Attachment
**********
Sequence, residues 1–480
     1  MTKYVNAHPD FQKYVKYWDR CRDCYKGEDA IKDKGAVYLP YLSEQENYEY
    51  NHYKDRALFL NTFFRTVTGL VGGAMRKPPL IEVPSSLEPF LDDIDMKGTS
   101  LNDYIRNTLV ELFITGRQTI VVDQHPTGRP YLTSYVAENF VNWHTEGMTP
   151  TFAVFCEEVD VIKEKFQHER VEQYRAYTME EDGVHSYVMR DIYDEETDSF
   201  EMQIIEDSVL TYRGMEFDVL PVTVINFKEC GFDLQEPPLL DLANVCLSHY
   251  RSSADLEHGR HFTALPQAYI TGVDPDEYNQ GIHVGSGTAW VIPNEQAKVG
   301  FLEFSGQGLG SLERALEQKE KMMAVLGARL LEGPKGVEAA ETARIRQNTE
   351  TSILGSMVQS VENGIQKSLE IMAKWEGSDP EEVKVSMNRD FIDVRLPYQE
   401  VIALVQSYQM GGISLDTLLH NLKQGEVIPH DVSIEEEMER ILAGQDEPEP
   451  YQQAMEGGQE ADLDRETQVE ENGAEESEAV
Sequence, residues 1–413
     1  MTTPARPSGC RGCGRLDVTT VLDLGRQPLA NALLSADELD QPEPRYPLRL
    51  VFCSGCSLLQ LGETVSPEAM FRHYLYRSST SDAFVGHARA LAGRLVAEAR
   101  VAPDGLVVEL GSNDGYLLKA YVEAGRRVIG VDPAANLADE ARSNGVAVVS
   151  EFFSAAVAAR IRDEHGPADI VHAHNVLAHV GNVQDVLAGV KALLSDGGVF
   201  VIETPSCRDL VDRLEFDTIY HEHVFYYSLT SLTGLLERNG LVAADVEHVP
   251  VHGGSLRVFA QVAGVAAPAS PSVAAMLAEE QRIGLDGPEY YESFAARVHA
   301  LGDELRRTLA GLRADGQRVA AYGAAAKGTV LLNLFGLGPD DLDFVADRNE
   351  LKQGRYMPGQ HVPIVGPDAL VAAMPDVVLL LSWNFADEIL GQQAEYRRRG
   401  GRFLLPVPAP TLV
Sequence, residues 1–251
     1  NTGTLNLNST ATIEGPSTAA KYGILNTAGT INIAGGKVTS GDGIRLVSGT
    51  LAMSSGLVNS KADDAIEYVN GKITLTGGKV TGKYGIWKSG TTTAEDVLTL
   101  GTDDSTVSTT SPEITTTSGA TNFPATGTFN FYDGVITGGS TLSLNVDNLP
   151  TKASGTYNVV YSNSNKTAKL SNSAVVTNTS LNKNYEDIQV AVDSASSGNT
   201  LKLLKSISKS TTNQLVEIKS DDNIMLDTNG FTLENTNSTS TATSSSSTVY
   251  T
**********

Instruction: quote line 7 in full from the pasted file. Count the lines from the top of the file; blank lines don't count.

   251  RSSADLEHGR HFTALPQAYI TGVDPDEYNQ GIHVGSGTAW VIPNEQAKVG